To see this incredibly terrible transformation had a profound impact on me.  I know that there is still a huge amount of “unknown” when it comes to Alzheimer’s.  But, I am willing to take any and all steps that may decrease my risk of developing the disease.  I am somewhat skeptical that my family has a genetic predisposition to the disease – my great-grandmother (who was similarly incredible!) lived until nearly 100, with no signs of memory loss or dementia.  Her husband, who I was not fortunate enough to meet, lived into his 70s with no issues.  My grandma’s brothers and sisters who lived into their 70s and 80s did not develop Alzheimers.  This led me to question what external factors could have contributed to my Grandma’s disease.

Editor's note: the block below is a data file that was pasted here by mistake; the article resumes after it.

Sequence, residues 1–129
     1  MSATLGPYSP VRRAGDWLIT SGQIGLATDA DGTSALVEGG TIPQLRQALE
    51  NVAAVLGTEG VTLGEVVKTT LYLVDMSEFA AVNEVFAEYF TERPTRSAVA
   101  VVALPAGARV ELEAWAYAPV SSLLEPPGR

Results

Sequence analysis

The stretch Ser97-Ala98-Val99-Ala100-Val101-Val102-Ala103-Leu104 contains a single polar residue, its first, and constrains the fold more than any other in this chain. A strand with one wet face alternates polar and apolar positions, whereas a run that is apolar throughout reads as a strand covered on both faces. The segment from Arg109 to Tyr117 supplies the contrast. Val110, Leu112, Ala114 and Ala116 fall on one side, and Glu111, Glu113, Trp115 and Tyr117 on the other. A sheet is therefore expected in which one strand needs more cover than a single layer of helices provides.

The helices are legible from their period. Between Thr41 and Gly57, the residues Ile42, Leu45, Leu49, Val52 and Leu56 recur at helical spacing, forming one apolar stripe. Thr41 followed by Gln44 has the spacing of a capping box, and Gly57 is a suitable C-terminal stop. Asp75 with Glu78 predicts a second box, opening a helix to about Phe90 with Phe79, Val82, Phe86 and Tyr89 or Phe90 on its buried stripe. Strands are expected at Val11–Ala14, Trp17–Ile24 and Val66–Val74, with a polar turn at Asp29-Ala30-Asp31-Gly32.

The answer I kept finding was one and the same: inflammation.  Similarly, inflammation may be to blame for some cancer (see also here) and may exacerbate (not unsurprisingly) diabetes (see also here).

The benefits of anti-inflammatory foods has been touted in mainstream posts all over the internet (see here or here or here.)  Some of the best anti-inflammatory foods are easy to add to almost any recipe: garlic, ginger, oregano, parsley, turmeric, and cinnamon.  Grass-fed and pastured meats have higher CLA and do not promote inflammation, so they’re the best sources of protein.

I also supplement in nutrients that have been linked to reducing the risk for Alzheimers:

(1) Magnesium (see here or here or here or here)
(2) Zinc (research is less clear, but I don’t like to mess around with Alzheimer’s, so I take it)
(3) Niacin (see here or here)